Shoulder Joint Pain Versus Shoulder Muscle Pain
If you research the phrase “causes of shoulder pain,” you’ll likely find an overwhelming amount of resources. But how do you know whether your joints, tendons or muscles cause the pain in your shoulder? Knowing which one is causing you discomfort will help you know how to best alleviate the problem.
First, it’s helpful to understand the anatomy of the shoulder and how it functions. You can think of the shoulder as a ball-in-socket joint, with three connecting bones: the humerus or longer arm bone, the scapula or shoulder blade, and the clavicle or collarbone. These three bones have a cartilage barrier and form two connecting joints.
The three bones are connected to the surrounding muscles through tendons. The rotator cuff is comprised of four tendons and is what allows the arm to revolve in a 360-degree range of motion.
Thus, some of the most common causes of shoulder pain are inflamed tendons (tendonitis), inflamed joints (arthritis), or inflamed/strained muscles. How do you tell the difference? Below are the major differences between joint pain and muscle or tendon pain in the shoulders.
A form of arthritis usually causes joint pain in the shoulders. Two common types of arthritis in the shoulder are osteoarthritis and rheumatoid arthritis.
Osteoarthritis is considered the well-known, traditional form of arthritis. This type of arthritis is the result of the constant wearing down of your joints, so the older you are, the more likely you are to suffer from osteoarthritis — especially those over age 50.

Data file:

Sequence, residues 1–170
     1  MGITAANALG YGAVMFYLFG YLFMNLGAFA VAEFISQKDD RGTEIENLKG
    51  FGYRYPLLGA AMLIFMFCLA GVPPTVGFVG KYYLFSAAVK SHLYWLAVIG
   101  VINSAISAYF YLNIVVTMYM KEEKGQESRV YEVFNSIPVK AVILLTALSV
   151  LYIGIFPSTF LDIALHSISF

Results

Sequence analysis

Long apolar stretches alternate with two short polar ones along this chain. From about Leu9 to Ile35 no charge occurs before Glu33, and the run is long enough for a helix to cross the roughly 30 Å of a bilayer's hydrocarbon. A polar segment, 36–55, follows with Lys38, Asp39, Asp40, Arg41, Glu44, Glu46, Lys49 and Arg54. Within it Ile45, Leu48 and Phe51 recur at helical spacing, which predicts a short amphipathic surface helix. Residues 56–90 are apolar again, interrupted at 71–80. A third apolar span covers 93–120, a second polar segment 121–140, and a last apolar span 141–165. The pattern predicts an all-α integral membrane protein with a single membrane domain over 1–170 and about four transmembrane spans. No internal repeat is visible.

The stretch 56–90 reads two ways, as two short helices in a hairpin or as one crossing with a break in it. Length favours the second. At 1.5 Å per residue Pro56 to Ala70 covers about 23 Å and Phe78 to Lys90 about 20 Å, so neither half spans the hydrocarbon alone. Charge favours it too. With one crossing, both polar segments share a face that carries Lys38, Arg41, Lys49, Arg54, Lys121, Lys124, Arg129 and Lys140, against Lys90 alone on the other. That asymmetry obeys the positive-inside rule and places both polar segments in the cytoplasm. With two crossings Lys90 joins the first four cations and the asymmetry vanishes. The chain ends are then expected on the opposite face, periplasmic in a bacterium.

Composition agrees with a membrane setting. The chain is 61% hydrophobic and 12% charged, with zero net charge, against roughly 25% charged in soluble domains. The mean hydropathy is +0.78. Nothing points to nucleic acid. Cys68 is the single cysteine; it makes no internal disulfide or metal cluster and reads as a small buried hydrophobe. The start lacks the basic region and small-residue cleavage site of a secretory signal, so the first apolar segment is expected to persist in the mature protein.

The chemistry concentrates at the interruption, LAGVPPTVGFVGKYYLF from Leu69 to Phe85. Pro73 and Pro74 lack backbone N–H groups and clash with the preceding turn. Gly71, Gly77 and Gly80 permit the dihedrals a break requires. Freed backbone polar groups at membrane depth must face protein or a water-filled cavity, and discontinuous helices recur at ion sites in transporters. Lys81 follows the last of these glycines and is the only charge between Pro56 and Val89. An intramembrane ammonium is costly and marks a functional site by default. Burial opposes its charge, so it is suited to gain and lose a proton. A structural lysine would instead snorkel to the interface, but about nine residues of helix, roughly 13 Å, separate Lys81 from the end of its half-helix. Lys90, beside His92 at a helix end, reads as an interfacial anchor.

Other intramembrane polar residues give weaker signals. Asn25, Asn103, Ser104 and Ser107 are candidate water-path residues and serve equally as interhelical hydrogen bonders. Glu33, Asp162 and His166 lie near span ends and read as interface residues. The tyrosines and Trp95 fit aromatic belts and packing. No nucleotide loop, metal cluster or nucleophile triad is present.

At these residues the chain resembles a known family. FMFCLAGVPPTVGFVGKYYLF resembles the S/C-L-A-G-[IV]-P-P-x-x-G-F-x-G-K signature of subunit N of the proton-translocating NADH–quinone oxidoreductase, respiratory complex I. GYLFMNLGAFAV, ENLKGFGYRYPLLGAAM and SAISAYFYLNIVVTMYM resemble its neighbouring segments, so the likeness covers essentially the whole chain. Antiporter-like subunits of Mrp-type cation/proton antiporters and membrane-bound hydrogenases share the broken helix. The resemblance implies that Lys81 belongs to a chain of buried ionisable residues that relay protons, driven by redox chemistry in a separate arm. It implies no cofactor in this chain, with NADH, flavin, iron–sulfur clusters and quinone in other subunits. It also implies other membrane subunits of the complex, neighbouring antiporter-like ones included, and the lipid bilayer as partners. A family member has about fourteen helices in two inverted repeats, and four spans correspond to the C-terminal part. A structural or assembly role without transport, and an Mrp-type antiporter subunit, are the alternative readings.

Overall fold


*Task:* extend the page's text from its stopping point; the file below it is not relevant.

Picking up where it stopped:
Rheumatoid arthritis, however, is an autoimmune disorder that typically causes pain in both shoulders at once. Common symptoms include swollen, tender or stiff joints, rheumatoid nodules (bumps under the skin near the shoulders), and fatigue. The swelling can erode the surrounding bones, which can lead to more severe injuries later on.
Other types of arthritis that affect the shoulders include post-traumatic arthritis, avascular necrosis, and rotator cuff tear arthropathy, which can be caused by a torn rotator cuff.
Muscle & Tendon Pain
Muscle pain can occur in the shoulders for multiple reasons. The straining, or tearing, of shoulder muscles is often the result excessive exercise or postural fatigue. If your shoulder muscles feel tight, weak, and unable to be rotated to their usual capacity, they could be strained. It’s important to avoid exercises that have the possibility of irritating the shoulders, especially ones involving heavy weight lifting; if you’re unsure if your current workout routine could be harming your shoulders, consider the help of a personal trainer.
Tendonitis or tendon tears are the most common culprits of tendon pain in the shoulder. Similarly to muscle pain, they are often the result of overexertion during exercise. Tearing your rotator cuff can bring injuries to your shoulder muscles, tendons, and joints, as they are all connected.
Any workout with internal rotation, such as the upright barbell row, is likely to cause damage to your shoulder muscles and tendons because it repeatedly pinches one of the chief tendons in the shoulder.
It may be difficult to pinpoint exactly what inside your shoulder is hurting, since all parts of the shoulder form an intertwined, affixed system. However, knowing the root of your shoulder pain is vital, and a simple blog post isn’t enough space to give you the specific answers you need. It’s recommended to speak with a shoulder expert in order to ensure the most accurate diagnosis and to prevent a more serious shoulder injury.